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When campaign budgets are capped, it is more important than ever to get the best performance from your campaign. Since we can’t spend money on everything, we have to figure out how to get the most return out of the money that we have.
Know what drives value
First things first, we have to be able to understand what is truly driving value.
With e-commerce sites, it’s a little easier because the return on ad spend (ROAS) is easily tracked and tied back to campaigns. To take it one step further, it is best to understand which campaigns (or, more specifically, keywords) are driving the most lifetime value.
For lead generation, it can be a little harder. The cheapest leads aren’t always the best leads, and the best cost per action (CPA) doesn’t always equate to the best performance.
Setting up tracking to determine close rates is really important to understand what is working. As with e-commerce, understanding lifetime value is even better, so that we can make sure money is allocated to the best-performing campaigns.
Trim wasted spend
Once I know what’s working, I start to cut out things that aren’t. I dig into all of the details of the account where wasted spend could go unnoticed.
The Dimensions reports (or in the new AdWords interface: The Predefined Reports) are a good place to start.
I look for anything I can cut that won’t have a proportional impact on results:
- Locations that are spending without producing.
- Time frames that should be excluded.
- Time frames that should bid down.
All of these things may seem small, but they add up.
I then dig into keywords and ad groups. I look at different time frames, including recent performance but also long-term performance. When auditing accounts, I’ve found that a lot of keywords go unnoticed because they aren’t huge spenders but, in looking at a longer time frame, they may have spent a significant amount without producing results.
Likewise, I look at ad groups through the same lens. It could be that none of the keywords within the ad group are spending at a significant rate, but in aggregate they may have spent a substantial amount without performing.
In these scenarios, I label the ad group and keywords so that I can reactivate them in the future for testing. It may seem premature to cut them, but the short-term goal is to have a laser focus on top performers.
Max out the right things first
On the flip side, I look for what is working well. As I’m digging through all facets of the campaigns and looking for what isn’t working, I also take note of what is likely the best ROAS and sustainable volume.
Most importantly, I ask:
- What is being hampered by budget caps?
- Where is there an opportunity to increase the volume of sales and maintain a strong ROAS if only budget caps could be lifted?
The idea is to try to find ways to give those situations more runway. Whether certain locations are driving a high amount of volume at a low cost, or a device, a select number of keywords, or some combination of factors — I like to separate the high performers into their own campaign so that budget can be opened (as much as possible) while maintaining tighter caps on lesser-performing auctions.
Know when to use and not to use shared budgets
Shared budgets can be a godsend when it comes to budget-capped campaigns, or they can be crippling.
I typically look to shared budgets in situations where the max cost per click (CPC) within the campaigns is close to or above the campaign budget. (Yes, it happens!)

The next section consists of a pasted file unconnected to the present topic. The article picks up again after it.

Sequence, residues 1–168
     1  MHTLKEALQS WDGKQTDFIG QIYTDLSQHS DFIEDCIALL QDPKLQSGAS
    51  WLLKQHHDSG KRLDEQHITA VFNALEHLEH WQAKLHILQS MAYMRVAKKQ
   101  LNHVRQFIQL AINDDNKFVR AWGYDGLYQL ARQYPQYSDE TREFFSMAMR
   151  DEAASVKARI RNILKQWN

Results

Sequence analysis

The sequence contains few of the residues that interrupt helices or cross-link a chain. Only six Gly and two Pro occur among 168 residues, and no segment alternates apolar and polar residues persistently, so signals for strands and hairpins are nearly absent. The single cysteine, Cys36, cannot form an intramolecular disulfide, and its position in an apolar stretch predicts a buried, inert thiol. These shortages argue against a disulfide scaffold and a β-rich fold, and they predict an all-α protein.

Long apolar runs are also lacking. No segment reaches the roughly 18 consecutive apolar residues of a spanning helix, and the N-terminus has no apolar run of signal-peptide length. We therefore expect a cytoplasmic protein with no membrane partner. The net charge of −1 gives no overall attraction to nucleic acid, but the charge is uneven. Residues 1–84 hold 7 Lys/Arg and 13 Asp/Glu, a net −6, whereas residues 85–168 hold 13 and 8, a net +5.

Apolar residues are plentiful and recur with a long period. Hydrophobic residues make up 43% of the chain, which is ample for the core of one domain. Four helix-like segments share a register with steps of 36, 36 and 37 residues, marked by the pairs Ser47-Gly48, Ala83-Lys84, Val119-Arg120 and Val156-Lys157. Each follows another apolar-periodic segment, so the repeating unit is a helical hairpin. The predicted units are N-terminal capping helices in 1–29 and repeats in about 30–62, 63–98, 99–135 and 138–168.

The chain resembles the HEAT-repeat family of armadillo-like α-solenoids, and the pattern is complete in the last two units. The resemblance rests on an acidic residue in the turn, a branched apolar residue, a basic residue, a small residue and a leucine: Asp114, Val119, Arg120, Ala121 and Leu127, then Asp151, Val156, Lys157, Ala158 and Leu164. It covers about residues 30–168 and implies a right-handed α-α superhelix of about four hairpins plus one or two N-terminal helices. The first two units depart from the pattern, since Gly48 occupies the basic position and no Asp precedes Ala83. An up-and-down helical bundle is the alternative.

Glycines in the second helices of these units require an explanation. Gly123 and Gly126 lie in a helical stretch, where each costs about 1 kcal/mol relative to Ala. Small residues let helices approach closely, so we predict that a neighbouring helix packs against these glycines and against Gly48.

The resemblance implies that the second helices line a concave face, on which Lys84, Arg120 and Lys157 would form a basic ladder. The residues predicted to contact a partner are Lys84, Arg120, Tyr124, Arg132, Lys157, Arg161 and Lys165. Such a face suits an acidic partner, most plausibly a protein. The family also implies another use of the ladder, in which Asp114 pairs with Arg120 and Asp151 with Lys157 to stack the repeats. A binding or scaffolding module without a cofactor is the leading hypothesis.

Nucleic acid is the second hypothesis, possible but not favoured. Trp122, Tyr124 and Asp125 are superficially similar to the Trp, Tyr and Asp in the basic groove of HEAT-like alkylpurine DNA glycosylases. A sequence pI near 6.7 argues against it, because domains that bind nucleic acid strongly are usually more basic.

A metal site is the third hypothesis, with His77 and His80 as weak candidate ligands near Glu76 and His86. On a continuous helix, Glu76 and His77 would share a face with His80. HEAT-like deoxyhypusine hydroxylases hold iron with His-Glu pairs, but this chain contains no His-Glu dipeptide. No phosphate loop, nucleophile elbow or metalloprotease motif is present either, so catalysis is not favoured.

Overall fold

Sometimes, as budgets get pulled back, then pulled back again — unknowingly, keywords performance is hampered because the bids are so close to the campaign budget.
Granted, with AdWords now having the ability to double campaign budgets, this alleviates a little bit of this strain but doesn’t entirely resolve it.
When implementing, I group campaigns with like performance together. One of the pitfalls of shared budgets is that you can’t control how the budget is prioritized. I never want a poor performer to suck up all of the budget. I set up multiple shared campaigns if needed, to ensure top performers aren’t competing against poor performers for a budget. If performance is inconsistent across all campaigns, then shared budgets probably aren’t the best fit.
Last but not least, I never lump search and display campaigns into the shared budget. Display campaigns, if allowed, can absorb a lot of budgets, so I always keep those separate.
Bidding to maximize budget
There are also some bidding opportunities that can help maximize impact on a capped budget. A few options that I like to try include:
- Decreasing positions. I take a look at average positions. If we’re maintaining positions in the 1-2 range, I like to test decreasing bids to see if we can get more clicks at a lower CPC without losing ground on conversions.
- Testing bidding strategies. I also like to set up experiments within campaigns to test different bidding strategies, such as maximizing conversions and optimizing for CPA.
As with any test, sometimes these improve performance and sometimes they don’t, so I just keep track and then roll out whichever performs best.
Increase your conversion rate
Another surefire way to improve return, even on a limited budget, is to improve conversion rates.
Increasing your conversion rate ensures that you get the most sales out of the traffic that you drive to the site. Best of all, increasing your conversion rate can have an impact across multiple channels — not just search — so the impact can be disproportionately positive. If you can’t increase budget but need to scale, the best way to increase production is to focus on conversion rate.
Opinions expressed in this article are those of the guest author and not necessarily Search Engine Land. Staff authors are listed here.
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